Source Newsroom: Methodist Hospital, Houston
Newswise — A 66-year-old Houston woman’s golf ball-sized breast tumor is now almost invisible to the naked eye after only four rounds of an investigational drug regimen.
Dr. Jenny Chang, director of the Methodist Cancer Center and breast medical oncologist, said the results are promising but no conclusions can be made because this is an ongoing study and the patient is the first at Methodist to be enrolled.
The Rev. Noel Denison, a retired Methodist minister, was diagnosed with locally advanced HER2-positive breast cancer and is enrolled in the study at Methodist, one of only two locations in the United States. The clinical trial is for locally advanced or metastatic HER2-positive breast cancer and combines standard chemotherapy with trastuzumab emtansine, better known in the breast cancer world as T-DM1, and pertuzumab, a monoclonal antibody that also attaches to HER2 on cancer cells.
T-DM1 is in a new class of cancer-fighting agents called antibody drug conjugates. By combining the antibody trastuzumab directly with docetaxel (standard chemotherapy) and/or pertuzumab, the T-DMI is designed to attack the tumor cells directly and deliver the chemotherapy.
“Women with HER2-positive breast cancer now have a lot of opportunities for treatment,” said Chang, the study’s principal investigator at Methodist. “Trastuzumab, commonly known as herceptin, is good, but we’re hopeful that this combination we’re using, known as a super herceptin, is even better at targeting and killing the cancer cells.”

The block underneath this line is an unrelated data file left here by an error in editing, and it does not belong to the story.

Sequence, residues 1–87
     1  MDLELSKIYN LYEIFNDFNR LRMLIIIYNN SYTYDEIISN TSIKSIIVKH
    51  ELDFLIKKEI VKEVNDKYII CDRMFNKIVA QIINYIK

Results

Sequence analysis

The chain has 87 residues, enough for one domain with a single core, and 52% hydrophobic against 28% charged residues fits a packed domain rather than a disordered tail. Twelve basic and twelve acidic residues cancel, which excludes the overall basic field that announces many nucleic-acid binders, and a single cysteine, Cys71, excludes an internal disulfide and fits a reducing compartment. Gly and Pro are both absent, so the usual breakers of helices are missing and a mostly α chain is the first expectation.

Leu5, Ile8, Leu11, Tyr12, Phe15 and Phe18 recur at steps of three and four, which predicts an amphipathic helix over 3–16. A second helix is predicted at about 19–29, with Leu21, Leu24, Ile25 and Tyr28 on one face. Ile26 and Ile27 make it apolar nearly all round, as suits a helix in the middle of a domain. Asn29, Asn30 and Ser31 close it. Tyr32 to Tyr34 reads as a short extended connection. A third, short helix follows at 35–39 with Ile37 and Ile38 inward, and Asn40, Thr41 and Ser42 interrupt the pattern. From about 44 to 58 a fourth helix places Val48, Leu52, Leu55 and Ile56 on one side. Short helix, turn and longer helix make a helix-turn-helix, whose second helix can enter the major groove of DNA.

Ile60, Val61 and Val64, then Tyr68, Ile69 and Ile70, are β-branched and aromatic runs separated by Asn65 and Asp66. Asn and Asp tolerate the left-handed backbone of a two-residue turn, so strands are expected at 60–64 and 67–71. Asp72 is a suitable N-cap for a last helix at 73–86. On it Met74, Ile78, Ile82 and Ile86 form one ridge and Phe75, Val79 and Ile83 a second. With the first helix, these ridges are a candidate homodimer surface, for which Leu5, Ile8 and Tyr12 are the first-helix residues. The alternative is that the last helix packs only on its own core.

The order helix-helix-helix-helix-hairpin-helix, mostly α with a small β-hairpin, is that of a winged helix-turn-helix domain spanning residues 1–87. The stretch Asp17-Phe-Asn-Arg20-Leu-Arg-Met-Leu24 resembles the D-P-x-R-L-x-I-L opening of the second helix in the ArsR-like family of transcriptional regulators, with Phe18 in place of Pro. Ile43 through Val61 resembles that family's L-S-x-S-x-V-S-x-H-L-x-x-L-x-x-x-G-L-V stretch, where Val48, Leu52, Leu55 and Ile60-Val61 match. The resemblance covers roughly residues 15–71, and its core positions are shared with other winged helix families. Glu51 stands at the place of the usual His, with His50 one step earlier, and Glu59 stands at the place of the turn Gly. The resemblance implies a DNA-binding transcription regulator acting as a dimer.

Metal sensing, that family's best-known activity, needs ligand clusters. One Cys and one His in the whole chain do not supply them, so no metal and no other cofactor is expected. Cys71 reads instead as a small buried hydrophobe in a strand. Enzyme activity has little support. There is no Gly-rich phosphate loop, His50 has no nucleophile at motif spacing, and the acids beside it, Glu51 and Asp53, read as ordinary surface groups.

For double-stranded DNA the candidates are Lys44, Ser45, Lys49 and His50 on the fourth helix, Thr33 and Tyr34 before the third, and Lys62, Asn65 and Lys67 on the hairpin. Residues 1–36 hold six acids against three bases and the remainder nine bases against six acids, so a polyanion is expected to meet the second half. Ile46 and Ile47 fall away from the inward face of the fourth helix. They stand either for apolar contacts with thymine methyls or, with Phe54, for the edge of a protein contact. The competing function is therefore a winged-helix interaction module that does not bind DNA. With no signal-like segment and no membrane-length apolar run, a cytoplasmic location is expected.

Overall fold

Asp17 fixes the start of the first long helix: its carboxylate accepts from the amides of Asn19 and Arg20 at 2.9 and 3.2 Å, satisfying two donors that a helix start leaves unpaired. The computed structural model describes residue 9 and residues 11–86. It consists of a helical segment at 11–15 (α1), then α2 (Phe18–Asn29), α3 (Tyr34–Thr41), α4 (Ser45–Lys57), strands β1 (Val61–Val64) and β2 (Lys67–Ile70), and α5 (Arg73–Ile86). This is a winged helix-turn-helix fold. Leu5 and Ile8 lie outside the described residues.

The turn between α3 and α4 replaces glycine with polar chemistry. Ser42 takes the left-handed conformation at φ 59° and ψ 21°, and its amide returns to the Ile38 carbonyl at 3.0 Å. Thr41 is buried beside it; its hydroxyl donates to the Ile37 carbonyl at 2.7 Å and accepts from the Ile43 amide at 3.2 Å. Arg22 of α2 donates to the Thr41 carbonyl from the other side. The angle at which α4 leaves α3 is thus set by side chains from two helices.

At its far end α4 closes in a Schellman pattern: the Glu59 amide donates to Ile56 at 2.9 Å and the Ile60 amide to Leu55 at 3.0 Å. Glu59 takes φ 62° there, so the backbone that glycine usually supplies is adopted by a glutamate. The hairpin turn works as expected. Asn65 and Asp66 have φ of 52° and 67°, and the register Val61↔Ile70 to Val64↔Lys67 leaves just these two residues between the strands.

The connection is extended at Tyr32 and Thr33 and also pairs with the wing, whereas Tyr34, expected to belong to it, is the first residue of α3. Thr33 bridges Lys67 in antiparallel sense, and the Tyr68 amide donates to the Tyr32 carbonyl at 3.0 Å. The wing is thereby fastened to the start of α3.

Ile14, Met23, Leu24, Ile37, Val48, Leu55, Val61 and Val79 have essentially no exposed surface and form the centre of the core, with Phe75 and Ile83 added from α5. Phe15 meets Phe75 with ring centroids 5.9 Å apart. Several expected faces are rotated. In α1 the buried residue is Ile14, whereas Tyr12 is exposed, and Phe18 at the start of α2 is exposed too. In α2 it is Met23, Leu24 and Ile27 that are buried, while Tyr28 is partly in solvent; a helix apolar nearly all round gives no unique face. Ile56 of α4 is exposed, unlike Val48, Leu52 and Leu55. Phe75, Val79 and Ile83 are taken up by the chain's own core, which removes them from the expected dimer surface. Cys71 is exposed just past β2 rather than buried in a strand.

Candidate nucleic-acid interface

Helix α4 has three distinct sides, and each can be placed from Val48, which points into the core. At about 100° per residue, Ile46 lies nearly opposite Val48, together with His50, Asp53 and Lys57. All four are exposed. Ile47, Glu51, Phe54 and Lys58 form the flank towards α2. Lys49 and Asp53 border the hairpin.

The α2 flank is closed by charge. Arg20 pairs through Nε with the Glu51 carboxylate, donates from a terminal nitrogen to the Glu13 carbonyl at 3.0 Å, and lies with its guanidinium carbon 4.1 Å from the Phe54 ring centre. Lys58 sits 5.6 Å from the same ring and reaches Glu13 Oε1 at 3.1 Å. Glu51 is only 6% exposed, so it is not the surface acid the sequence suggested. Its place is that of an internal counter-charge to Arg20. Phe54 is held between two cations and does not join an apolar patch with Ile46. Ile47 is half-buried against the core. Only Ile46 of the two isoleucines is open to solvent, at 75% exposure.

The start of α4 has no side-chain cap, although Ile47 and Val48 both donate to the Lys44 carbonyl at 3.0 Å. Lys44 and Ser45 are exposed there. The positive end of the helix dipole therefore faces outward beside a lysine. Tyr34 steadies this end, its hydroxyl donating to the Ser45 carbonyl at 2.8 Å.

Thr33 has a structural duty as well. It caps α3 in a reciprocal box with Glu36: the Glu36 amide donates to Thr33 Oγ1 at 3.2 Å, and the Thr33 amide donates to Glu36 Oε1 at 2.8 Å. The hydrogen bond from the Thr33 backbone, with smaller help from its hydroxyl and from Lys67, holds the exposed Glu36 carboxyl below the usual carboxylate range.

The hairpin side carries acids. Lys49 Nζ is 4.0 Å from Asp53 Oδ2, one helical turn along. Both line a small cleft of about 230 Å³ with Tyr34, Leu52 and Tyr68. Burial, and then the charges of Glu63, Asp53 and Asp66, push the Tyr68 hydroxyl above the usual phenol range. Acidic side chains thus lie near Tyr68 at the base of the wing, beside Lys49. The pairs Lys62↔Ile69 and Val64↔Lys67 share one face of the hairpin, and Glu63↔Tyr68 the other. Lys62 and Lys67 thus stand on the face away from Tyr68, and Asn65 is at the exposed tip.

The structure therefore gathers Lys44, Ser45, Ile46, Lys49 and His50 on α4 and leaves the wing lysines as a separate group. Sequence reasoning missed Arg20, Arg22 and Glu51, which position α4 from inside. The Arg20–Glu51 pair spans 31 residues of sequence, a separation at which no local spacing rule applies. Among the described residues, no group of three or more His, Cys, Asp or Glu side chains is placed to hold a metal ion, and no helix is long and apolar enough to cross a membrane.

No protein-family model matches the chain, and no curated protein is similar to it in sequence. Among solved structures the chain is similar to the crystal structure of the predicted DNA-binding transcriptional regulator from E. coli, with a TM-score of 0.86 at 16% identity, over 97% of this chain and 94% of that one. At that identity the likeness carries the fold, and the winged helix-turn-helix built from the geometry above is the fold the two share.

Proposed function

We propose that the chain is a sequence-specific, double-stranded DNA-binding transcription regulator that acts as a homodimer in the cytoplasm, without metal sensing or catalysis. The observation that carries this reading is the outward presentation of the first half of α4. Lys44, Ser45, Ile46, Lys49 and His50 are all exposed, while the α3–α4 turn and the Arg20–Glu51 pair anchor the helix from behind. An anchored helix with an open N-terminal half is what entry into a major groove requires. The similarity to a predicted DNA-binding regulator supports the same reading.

Study patients receive T-DM1 and docetaxel on day 1 of each 3-week cycle (up to six cycles). For patients with locally advanced breast cancer, pertuzumab may be added to T-DM1 and docetaxel. Sold as Perjeta, pertuzumab is an FDA-approved drug used in combination with herceptin and docetaxel to treat certain patients with HER2-positive metastatic breast cancer.
Previous research involving more than 1,000 women with advanced HER-2 breast cancer showed T-DM1 caused fewer and less harsh side effects than current standard treatment.
Five months after her initial diagnosis, Denison is still undergoing the experimental regimen, but she is back to the things she loves - gardening, volunteering in her community and spending time with her grandchildren.
“I’m also putting my time and energy into breast cancer education,” Denison said. “I live with the pay it forward attitude. The Methodist Cancer Center gave so much to me; it is only fitting to give back to others in need.”
Genentech Inc./F. HoffmannLa Roche Ltd. is funding this clinical trial.
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